One in four GPS devices on criminals in L.A. County were faulty

One in every four GPS devices used to track serious criminals released in Los Angeles County has proved to be faulty, according to a probation department audit — allowing violent felons to roam undetected for days or, in some cases, weeks.

The problems included batteries that wouldn’t hold a charge and defective electronics that generated excessive false alarms. One felon, county officials said, had to have his GPS monitor replaced 11 times over a year; for five days during the 45-day audit period, his whereabouts were unknown. Full Article

Related: Audit: GPS monitoring in L.A. County

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Very interesting. What about the GPS devices on the nonviolent, non-dangerous people who are forced to wear them. I bet they are just as worthless!

Strange that the failure rate of the GPS tracking devices is higher than the recidivism rate of most of the people they’re on! Go figure…

Clearly, the public needs a more effective way of analyzing these emotionally charged laws before implementation, and not waiting for system failure before anything is done. How about requiring a “social impact report” before implementing experimental laws. It could be patterned on the environmental impact reports required by the State for projects having potential impact on the environment. Base decisions on science. Such reports could require:
…A cost benefit analysis, including social cost and an independent analysis of benefits, if any.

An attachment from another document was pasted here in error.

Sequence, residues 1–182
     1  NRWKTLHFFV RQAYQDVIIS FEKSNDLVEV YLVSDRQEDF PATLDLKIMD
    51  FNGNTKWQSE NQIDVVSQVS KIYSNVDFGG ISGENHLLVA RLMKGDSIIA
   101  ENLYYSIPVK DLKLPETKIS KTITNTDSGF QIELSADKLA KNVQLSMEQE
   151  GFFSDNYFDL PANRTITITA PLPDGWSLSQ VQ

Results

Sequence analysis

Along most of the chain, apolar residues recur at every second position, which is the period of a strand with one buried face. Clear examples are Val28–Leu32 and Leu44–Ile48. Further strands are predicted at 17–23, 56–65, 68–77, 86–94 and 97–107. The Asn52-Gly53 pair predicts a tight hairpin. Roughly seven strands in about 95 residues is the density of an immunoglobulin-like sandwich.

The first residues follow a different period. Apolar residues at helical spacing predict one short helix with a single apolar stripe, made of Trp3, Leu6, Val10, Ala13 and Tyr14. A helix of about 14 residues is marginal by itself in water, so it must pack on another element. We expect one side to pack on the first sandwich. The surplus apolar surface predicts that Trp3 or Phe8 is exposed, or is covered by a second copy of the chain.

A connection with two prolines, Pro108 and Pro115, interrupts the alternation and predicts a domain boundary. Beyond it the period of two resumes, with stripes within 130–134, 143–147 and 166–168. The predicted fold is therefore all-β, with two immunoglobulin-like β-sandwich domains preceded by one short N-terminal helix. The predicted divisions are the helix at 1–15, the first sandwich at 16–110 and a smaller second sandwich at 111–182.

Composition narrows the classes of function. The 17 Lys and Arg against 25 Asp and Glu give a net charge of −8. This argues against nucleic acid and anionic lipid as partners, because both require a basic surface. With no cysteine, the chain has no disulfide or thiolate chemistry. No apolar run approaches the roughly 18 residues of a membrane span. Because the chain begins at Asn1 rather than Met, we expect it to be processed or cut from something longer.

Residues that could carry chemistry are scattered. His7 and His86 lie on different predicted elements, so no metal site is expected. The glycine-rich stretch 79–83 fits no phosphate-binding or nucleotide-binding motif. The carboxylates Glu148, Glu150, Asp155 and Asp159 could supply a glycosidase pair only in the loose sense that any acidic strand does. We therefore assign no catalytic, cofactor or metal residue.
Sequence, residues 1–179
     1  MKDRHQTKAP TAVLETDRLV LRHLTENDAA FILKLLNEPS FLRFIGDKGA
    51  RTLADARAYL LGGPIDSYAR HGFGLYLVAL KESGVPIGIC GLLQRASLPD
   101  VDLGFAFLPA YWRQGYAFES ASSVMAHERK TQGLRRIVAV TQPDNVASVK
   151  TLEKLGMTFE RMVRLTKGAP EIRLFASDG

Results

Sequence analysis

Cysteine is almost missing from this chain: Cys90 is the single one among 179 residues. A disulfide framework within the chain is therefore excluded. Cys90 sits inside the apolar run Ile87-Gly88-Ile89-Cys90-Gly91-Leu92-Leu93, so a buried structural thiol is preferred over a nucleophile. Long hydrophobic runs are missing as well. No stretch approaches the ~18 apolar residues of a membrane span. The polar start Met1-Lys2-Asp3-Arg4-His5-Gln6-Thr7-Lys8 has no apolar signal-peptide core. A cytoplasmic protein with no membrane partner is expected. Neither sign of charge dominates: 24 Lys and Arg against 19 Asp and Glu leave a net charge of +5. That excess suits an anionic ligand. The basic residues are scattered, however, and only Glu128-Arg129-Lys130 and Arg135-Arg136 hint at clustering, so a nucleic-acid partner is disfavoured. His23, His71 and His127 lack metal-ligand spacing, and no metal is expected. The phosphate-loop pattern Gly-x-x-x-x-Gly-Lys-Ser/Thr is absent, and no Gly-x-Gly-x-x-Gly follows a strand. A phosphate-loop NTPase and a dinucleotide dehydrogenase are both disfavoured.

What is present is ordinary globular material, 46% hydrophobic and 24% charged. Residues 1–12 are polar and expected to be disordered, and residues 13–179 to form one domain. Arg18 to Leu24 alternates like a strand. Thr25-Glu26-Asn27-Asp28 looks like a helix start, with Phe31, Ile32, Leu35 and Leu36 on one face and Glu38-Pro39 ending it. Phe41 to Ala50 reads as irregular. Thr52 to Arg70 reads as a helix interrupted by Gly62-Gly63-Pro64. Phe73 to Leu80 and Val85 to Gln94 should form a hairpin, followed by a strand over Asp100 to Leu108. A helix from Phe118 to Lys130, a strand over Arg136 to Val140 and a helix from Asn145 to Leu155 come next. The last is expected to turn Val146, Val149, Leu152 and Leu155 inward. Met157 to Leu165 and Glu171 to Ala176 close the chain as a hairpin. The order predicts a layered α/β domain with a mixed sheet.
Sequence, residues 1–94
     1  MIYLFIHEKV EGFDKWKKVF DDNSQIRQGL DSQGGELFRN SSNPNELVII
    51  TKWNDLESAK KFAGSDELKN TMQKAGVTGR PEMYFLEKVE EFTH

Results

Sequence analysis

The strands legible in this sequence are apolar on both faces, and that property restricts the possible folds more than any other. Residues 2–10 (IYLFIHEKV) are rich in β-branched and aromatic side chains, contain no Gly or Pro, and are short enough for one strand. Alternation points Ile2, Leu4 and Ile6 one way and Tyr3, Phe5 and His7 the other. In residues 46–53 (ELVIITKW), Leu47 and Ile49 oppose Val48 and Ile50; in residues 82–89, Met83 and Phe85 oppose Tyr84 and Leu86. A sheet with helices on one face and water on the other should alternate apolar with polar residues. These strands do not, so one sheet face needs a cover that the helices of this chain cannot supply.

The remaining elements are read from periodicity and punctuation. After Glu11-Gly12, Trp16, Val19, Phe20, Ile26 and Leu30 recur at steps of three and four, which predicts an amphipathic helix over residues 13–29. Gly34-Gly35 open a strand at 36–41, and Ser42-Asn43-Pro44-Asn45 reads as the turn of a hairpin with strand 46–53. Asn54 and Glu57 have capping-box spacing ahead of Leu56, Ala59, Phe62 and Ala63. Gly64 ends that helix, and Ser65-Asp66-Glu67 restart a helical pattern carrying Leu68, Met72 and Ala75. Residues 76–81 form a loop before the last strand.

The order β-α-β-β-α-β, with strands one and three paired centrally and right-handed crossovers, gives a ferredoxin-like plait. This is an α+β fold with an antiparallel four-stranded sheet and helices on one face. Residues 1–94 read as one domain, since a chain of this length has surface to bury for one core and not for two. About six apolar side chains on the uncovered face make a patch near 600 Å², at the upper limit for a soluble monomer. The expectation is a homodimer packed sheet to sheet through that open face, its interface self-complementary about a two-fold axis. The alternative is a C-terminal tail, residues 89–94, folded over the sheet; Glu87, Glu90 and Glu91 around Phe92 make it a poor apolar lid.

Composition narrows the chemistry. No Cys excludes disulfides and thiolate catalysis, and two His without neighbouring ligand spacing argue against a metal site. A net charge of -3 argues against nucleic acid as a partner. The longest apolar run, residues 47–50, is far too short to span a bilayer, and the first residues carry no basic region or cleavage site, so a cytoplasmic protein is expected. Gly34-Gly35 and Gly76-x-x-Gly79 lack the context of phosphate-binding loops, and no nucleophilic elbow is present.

…Alternatives to the project that could achieve the same goals in a different way, say spending the money on rehabilitation, instead.
…Identifying any social and capital costs that can’t be lessened. Geez, you mean we need a permanent staff to keep these devises working?
…Negative effects on other programs. How many more murders go unsolved as your time is spent tracking faulty devises.
…Cumulative effects to society.
…A public input period when groups such as carsol, victims groups, law enforcement can submit comments, reports and analysis.
The present political system of referendums and rushed legislation, while appearing democratic, is not giving the public the information needed to make rational choices, and pushes concerns for constitutionality onto the courts, and it leaves the task of fixing the system onto those who benefit financially from the product. Doesn’t everyone, including the future generations these laws are claimed to protect, deserve a more a more deliberate and thoughtful approach. An endangered bird, thankfully, gets that consideration. How about humans?

Technology continues to improve. I’ve been wearing the same model of GPS bracelet for five years. The same ones they had since Jessica’s law passed. Likely the same ones they’ll have in five years. Probably a Contract. I’d think NSA can track someone with an “IPhone 5” more accurately than my parole agent can track me.

Are GPS bracelets harming the people who wear them? I wore one for many years. Actually, it was several of them, they kept failing:

When I was on parole, I had to wear one. In fact, in three years of parole, I wore four different ones. All four had problems. So, if my count is right, that means four in four devices are faulty, not one in four.

American Taxpayers Association, etc., etc., where is the outside analysis of this government waste of our taxes? Not politically correct?

Does anyone have any more information who all has to wear a GPS ankle bracelet? my BF is on probation for a non-violent, no contact, no minors involved criminal act and was told to wear one for the entire three years of probation. He was classified as “High Risk” due to a prior about 13 years ago. Can anyone explain this?